– Timothy McDermott DVM, OSU Extension Educator, Hocking County (published previously in Farm and Dairy)
On September 30th, 2016 entomologists at the United States Department of Agriculture, Animal Plant Health Inspection Services (USDA-APHIS-VS) National Veterinary Services Laboratories (NVSL) in Ames, Iowa confirmed a diagnosis of screwworm in a Key Deer from Big Pine Key, Florida. The New World Screwworm (Cochliomyia hominivorax) was identified as the cause. (1)
The New World Screwworm is a devastating predator of warm blooded animals including livestock, companion animals and humans. It was eradicated in the United States starting the 1950’s by releasing large numbers of male flies that were sterilized via radiation to disrupt mating. What differentiates this from other fly/maggot problems is Continue reading
– Dr. Kenny Burdine, Livestock Marketing Specialist, University of Kentucky
The overall tone of the feeder cattle market has not been encouraging over the last month. CME© Feeder cattle futures have moved into the low $140’s. We were around these levels in late April, late June, and early July.
I’m not a technical analyst, but I think holding this level is pretty important. Local basis has actually been quite strong with a lot of groups of 9wt steers selling in the upper $130’s and low $140’s. A few groups on the lighter end of the 8wt range reached Continue reading
– Andrew P. Griffith, University of Tennessee
FED CATTLE: Fed cattle traded $2 lower compared to last week on a live basis. Prices on a live basis were primarily $114 to $116 while prices on a dressed basis were mainly $183 to $185.
The 5-area weighted average prices thru Thursday were $115.17 live, down $2.13 from last week and $183.89 dressed, down $3.46 from a week ago. A year ago prices were $116.91 live and $186.86 dressed.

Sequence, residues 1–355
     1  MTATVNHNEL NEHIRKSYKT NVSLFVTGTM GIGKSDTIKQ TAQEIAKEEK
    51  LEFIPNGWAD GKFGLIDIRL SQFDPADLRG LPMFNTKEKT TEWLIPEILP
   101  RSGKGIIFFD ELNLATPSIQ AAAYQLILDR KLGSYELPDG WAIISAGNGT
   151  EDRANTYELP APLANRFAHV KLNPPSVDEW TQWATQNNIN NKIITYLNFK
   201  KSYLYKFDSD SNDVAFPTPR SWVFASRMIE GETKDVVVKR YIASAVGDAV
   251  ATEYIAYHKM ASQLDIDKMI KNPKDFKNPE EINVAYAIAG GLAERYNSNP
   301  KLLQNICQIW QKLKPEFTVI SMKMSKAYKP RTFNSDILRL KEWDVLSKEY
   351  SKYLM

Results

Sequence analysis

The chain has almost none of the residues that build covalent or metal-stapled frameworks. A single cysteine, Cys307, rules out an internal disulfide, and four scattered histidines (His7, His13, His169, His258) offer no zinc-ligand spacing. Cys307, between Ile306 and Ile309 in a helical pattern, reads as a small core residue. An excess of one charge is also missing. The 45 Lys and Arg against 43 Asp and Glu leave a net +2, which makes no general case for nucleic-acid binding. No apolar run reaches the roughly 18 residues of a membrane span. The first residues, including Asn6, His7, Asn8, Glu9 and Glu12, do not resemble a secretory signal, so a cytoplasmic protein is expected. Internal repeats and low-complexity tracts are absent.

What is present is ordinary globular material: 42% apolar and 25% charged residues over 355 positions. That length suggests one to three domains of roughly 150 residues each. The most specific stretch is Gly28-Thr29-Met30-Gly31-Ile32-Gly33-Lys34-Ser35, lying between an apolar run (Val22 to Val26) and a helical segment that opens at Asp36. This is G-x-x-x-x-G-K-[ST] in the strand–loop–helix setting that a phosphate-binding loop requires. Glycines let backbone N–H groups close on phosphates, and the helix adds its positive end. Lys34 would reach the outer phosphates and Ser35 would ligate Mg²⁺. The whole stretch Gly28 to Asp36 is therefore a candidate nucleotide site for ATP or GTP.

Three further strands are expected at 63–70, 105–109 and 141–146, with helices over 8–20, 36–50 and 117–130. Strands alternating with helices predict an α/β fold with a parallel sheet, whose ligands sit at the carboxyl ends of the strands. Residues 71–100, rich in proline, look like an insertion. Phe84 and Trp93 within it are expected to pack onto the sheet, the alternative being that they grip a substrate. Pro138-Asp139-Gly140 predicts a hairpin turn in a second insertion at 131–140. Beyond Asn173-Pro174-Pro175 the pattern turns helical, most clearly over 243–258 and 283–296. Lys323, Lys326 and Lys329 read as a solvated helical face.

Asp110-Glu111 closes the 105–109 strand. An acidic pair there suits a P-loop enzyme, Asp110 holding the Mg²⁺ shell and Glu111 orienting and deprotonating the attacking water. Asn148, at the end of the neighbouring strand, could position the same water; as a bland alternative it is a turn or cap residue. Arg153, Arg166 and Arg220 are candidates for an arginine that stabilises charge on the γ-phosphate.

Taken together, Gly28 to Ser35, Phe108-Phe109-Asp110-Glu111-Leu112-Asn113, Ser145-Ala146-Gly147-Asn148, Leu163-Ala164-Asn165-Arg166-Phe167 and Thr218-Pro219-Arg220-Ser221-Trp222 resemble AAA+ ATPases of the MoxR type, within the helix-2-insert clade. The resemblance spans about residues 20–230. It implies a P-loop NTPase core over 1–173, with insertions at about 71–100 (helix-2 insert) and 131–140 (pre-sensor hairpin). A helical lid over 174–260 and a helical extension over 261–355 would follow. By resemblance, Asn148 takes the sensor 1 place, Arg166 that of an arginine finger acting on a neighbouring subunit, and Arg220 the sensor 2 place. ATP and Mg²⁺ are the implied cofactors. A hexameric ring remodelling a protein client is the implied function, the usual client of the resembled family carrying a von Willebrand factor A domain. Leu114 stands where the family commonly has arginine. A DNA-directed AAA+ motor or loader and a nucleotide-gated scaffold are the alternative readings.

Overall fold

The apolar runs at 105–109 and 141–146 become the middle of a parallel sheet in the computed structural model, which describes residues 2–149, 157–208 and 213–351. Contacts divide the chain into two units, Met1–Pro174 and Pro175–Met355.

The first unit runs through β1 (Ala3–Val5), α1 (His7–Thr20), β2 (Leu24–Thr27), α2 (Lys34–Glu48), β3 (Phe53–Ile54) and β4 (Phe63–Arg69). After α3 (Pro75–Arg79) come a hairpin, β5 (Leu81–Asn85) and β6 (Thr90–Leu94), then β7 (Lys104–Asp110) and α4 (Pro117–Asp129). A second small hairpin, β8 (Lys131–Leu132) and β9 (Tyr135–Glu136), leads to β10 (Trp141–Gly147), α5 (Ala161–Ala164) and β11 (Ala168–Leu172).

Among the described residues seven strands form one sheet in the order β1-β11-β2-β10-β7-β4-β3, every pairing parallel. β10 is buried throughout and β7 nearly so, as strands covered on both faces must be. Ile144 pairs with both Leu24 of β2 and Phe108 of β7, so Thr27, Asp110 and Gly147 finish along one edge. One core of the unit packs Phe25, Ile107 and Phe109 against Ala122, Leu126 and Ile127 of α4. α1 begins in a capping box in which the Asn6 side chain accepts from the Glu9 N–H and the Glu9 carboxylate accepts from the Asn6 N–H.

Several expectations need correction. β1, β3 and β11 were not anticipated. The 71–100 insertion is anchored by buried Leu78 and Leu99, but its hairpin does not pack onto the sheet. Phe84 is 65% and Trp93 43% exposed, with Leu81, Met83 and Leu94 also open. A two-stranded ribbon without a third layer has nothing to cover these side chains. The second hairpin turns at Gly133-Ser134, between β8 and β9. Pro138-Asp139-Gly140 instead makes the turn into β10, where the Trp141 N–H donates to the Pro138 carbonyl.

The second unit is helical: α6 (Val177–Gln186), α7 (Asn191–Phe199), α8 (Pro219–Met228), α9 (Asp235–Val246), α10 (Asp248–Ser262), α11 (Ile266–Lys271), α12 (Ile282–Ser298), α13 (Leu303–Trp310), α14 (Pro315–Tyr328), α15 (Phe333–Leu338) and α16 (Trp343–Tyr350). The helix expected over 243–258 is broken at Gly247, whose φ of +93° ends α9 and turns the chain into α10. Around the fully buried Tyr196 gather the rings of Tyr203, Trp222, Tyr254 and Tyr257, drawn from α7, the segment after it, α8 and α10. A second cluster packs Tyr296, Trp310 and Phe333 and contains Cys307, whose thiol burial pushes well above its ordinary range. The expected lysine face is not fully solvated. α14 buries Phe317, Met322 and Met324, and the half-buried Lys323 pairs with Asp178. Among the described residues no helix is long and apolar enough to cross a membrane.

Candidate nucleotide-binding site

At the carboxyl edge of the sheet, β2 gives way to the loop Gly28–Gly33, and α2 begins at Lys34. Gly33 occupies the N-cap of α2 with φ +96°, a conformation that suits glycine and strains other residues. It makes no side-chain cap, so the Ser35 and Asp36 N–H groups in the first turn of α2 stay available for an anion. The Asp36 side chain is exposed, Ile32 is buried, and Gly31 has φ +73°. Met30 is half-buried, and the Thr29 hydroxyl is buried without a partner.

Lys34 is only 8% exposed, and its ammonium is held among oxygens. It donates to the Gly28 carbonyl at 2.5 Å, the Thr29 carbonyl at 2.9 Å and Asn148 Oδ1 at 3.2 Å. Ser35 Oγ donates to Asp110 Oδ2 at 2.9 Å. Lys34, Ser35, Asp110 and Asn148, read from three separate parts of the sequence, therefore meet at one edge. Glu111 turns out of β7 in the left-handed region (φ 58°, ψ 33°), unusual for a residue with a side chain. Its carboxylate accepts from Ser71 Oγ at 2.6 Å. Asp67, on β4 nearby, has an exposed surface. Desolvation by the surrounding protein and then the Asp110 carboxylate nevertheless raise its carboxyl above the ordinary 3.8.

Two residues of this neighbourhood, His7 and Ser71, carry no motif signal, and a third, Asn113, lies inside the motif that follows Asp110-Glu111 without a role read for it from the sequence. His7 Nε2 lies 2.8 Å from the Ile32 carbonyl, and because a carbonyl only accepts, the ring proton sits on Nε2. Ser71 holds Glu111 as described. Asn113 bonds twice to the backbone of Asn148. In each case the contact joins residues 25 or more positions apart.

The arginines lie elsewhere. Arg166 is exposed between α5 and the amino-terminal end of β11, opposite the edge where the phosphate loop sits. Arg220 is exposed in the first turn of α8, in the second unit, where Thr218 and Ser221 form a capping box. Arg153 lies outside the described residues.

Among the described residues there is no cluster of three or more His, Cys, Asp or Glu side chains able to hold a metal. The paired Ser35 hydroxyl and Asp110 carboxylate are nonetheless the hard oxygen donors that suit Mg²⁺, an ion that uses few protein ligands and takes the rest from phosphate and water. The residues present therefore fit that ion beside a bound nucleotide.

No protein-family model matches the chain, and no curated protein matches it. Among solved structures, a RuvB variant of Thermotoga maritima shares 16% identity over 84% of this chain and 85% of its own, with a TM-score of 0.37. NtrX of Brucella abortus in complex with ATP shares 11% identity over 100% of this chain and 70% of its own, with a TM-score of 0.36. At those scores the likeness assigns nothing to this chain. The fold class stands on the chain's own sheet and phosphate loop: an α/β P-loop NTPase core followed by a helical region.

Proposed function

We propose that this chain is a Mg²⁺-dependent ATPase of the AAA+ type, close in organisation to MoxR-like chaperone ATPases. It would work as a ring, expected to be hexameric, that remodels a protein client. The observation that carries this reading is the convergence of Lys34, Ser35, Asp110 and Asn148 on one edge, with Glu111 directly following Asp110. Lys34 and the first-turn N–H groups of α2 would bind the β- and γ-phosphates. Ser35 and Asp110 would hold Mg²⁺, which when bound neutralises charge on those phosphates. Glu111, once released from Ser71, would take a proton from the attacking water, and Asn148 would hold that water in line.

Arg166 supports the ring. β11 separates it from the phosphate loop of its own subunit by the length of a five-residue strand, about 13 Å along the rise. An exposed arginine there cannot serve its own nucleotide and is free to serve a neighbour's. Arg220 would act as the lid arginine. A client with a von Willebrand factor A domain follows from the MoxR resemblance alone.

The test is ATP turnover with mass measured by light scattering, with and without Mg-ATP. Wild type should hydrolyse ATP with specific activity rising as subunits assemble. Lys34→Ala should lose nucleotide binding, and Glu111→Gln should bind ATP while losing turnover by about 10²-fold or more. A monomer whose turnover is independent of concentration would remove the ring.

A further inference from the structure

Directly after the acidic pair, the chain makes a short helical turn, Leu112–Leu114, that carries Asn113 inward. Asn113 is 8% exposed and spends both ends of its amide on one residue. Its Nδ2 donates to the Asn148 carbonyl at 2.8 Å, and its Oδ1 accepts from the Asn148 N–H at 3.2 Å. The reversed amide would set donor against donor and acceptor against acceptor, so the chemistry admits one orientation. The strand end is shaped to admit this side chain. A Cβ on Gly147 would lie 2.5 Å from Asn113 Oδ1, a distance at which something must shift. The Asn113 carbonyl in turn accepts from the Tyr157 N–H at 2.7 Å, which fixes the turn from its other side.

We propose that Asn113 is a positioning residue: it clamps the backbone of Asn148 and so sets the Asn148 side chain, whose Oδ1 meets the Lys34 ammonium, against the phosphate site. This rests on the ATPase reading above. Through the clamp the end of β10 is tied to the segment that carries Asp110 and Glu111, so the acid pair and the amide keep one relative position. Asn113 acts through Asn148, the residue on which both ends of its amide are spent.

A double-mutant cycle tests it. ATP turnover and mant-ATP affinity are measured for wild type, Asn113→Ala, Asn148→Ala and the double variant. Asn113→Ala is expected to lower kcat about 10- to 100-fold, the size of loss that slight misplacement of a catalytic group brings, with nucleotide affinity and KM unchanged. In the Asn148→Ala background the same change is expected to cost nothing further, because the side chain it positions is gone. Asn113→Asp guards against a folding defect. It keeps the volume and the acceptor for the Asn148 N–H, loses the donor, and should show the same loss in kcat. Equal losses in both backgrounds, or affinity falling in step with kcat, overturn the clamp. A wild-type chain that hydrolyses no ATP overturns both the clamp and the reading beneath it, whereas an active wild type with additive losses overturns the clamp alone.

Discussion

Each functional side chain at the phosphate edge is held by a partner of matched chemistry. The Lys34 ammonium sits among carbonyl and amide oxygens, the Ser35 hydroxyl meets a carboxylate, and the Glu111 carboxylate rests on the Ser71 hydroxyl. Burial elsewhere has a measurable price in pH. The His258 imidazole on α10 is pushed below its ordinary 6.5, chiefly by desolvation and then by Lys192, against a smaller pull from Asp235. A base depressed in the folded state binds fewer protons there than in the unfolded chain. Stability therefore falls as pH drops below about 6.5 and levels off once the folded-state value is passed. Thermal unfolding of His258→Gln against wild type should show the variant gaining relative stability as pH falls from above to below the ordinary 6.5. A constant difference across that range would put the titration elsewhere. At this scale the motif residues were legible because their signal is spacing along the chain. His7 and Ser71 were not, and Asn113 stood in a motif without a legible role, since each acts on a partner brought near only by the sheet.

Seasonal summer softness edged its way back into the finished cattle market as packers were able to drive prices a little lower this week. The live cattle market will Continue reading
– Rory Lewandowski, OSU Extension Educator, Wayne County
Forage ash content comes from both internal and external sources. Internal sources include minerals such as calcium, phosphorus and potassium found in the leaves and stems of forage plants. External sources include things like soil, bedding, and sand that are deposited on the surface of the forage. An average internal ash content for alfalfa is around 8 percent and for grass forages around 6 percent. Values above that represent Continue reading
– Victor Shelton, NRCS State Agronomist/Grazing Specialist
It’s August, and I know it’s August without looking at a calendar. The days are getting shorter and it’s state fair time. August is always a busy month for me and I am usually left wondering what happened to it all. I start thinking about assessing pastures, how much forage is present, and how much more forage can be grown between now and dormancy. It’s sad, but winter is already on my mind. Not that I’m looking forward to it, I’m not, but it’s time now to start preparing.
I want to be able to graze as long as possible, so like the games of chess or checkers, you’re better off planning your next move far ahead. I like as much stockpiled forage as possible which means I better be Continue reading